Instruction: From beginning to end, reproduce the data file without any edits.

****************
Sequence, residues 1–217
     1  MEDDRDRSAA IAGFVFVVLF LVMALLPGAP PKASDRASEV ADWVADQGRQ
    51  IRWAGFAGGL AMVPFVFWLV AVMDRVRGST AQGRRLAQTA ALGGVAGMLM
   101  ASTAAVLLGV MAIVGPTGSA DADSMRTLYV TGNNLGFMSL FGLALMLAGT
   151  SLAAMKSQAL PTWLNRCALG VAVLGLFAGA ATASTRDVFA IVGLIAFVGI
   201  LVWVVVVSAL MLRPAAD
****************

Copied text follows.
Sequence, residues 1–217
     1  MEDDRDRSAA IAGFVFVVLF LVMALLPGAP PKASDRASEV ADWVADQGRQ
    51  IRWAGFAGGL AMVPFVFWLV AVMDRVRGST AQGRRLAQTA ALGGVAGMLM
   101  ASTAAVLLGV MAIVGPTGSA DADSMRTLYV TGNNLGFMSL FGLALMLAGT
   151  SLAAMKSQAL PTWLNRCALG VAVLGLFAGA ATASTRDVFA IVGLIAFVGI
   201  LVWVVVVSAL MLRPAAD